I am an absolutely biased supporter of the BBC and the work it does as part of its “public service remit.” For almost a decade now, I have been fortunate enough to be a part of this remit in the way the BBC looks after young people. I started out as an “Agony Uncle” for the now defunct BBC Teen’s website, and then moved on to be a regular contributor to the CBBC website, which included regular appearances on CBBC’s Newsround and the CBBC Channel. My work there included answering children’s questions about their emotional experiences, doing live web-chats, and other activities aimed at responding to children’s psychological and emotional needs.
Unfortunately this kind of “live interaction” with children has all but ceased on the BBC website provision, but it continues in the long history of BBC Radio One’s “Sunday Surgery” a Sunday evening call-in show that his been going since 1999. I love the Surgery. It currently has a team of two General Practitioners (GPs) and myself offering advice to callers and texters on a number of issues. It has been an absolute privilege to be part of this. The reach of the show is enormous compared with the reach of normal psychotherapeutic work, and every weekend the show reaches out to tens of thousands of people — and I believe helping a great deal of them. But how does it help? Just by the advice it gives? I don’t think so.
One of the criticisms often thrown at me and other psychotherapists who do work for the media is that we often say things that are pretty common sensical. While I think that this is sometimes true (after all, a lot of popular psychology is common sense), there is more to it than this. First of all, to do “advice” well, it helps to know how to be able to talk to people in a way that doesn’t just offer them platitudes, but gives them something that they can utilise to make a change. Anybody can say “oh, think positive” but would they be able to say how to do it in a meaningful way? Further, some critical though needs to be put to the concept about “positive thinking” in general does such a simplistic intervention even work? And if not (after all, it can’t be THAT simple) what might work instead? Interventions that work to change people’s attitudes are more complex than that — but not so complex that some good can’t be done through a radio show. However, whatever good advice might be available — the curative effect of such radio shows goes way beyond “good advice”.
In my youth, the big mover in this field was Dr. Ruth Westheimer. She used to come on the radio in the evenings and talk explicitly about sexuality. Her show ran late at night in the mid-eighties when she would talk about subjects as diverse sexual positions, erectile disfunction, clitoral stimulation, the okayness of teenage masturbation, the normality of homosexuality, among a raft of other rather explicit topics that were pretty edgy for their day. While Dr. Ruth gave excellent advice on how to help with individuals’ own sex lives to live callers, she also, in a sense, “gave permission” for people to think sexually, and a safe space to hear frank discussions about sex in their homes; something not available to hundreds of thousands of people in their homes before. Simply making the space for this kind of discourse is a good thing.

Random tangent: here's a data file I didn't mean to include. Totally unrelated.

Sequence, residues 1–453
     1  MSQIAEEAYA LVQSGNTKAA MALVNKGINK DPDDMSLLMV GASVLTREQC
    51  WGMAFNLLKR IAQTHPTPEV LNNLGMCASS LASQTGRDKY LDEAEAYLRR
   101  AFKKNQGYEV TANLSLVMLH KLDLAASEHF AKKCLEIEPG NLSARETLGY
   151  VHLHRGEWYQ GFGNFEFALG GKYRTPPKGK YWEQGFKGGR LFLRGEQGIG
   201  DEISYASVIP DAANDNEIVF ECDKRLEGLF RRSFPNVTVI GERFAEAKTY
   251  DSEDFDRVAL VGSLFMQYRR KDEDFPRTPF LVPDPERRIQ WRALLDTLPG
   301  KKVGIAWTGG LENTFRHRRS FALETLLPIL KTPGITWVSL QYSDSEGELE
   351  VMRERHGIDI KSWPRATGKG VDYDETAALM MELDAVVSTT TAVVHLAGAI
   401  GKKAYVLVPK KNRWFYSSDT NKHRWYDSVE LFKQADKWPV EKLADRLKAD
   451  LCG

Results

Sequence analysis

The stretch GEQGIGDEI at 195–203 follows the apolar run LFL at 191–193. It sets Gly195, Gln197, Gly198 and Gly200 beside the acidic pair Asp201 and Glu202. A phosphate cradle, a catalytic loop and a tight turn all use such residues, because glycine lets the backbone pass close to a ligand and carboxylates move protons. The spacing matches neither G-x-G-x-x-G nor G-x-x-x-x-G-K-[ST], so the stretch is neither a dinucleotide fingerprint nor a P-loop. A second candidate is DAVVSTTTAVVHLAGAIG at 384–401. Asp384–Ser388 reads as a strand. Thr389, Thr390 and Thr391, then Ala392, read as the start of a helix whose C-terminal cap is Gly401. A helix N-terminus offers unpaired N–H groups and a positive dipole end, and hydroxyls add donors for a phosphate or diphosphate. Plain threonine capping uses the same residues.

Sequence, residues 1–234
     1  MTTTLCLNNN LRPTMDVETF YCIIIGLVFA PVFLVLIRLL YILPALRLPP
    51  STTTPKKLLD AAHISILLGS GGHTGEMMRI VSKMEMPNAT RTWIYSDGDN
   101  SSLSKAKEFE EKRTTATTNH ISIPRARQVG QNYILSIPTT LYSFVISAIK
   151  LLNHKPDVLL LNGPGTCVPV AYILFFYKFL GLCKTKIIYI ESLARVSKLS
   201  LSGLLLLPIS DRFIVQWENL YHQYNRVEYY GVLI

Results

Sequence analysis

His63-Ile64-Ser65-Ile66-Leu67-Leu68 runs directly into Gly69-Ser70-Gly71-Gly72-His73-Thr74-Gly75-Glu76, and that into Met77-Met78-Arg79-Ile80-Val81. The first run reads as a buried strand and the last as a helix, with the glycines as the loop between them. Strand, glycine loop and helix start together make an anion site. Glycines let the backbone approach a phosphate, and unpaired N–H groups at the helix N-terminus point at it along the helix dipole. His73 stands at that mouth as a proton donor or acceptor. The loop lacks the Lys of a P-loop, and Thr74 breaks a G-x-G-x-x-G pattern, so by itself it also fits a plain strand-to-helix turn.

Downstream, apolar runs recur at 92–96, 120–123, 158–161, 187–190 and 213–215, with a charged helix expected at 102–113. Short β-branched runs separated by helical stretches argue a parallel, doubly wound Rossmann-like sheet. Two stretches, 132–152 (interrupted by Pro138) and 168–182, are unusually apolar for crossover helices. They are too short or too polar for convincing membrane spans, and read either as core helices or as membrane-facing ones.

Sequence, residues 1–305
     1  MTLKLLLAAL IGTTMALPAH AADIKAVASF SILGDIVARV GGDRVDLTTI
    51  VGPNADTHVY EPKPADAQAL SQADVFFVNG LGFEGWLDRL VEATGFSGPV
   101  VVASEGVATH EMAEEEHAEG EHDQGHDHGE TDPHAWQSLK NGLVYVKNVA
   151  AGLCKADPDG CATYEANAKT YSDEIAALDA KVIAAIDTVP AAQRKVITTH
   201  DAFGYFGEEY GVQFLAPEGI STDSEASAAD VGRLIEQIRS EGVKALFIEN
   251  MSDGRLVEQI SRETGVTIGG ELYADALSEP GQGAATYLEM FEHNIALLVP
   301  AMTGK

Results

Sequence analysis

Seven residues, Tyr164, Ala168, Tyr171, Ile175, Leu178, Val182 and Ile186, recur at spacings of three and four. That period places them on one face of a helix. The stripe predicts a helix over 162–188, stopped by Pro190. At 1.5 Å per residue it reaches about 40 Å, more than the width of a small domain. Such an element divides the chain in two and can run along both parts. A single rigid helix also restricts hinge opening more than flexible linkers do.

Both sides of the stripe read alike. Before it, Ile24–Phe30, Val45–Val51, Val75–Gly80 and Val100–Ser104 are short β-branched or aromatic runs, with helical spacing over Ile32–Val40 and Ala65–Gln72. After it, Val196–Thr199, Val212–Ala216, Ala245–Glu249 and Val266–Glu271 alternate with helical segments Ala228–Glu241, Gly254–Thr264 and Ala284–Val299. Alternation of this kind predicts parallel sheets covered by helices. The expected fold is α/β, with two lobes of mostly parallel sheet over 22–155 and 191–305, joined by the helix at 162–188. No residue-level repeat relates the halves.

What is a good object? The word “object” comes from psychoanalysis, and to be very brief about it (because it is actually quite a complex thing), it is the image of another that we keep inside of ourselves. For example, when you are young you internalise your parents, the representations of your parents inside yourself are called “objects”. The way these objects interact with each other is very important for psychoanalysts. If you ever wonder why you are in conflict with yourself, it often has to do with the different “objects” or “self states” within you, that want different things. But object can be more than just people: they can be ideas too.
When people listen to an advice show on the Radio, like The Sunday Surgery, I believe that it operates, in a sense, like a good object (unfortunately, I think there are a lot of “bad object” radio shows out there too). Not only does the listener hopefully get the “good advice” — but they also get a sense that there are people out there who share similar problems. They hear these problems being dealt with sensitively and with care on the radio, and in a sense, may be able to be kinder to themselves in the process. Just like a good (or bad) parent can be taken inside and made into an internal object, so can this sensibility from the radio. If things are not good at home, or in someone’s life, they can still use the “goodness” that emanates from their bedside radio — the voices that do care and do offer hope. When one is unfortunate enough not to have that hope in their own lives, then some “good object representation” on the radio may just nudge them in the right direction.
This is no cure-all, no panacea of course — but the drip drip drip of good objects towards a population can have a significant overall good effect over time. We know this from our work on The Sunday Surgery because we receive emails and texts from repeat listeners and callers, we follow their tweets, or see what they write on The Surgery’s Facebook page. There is no doubt that there is good work going on here. What needs to follow that, is some good research to find out what it is, perhaps, that is “curative” to its listeners. I theorise that this has something to do with a relationship to the “good object” that can be radio. Now we’ll just need to follow that up with some good research, to prove or disprove this theory.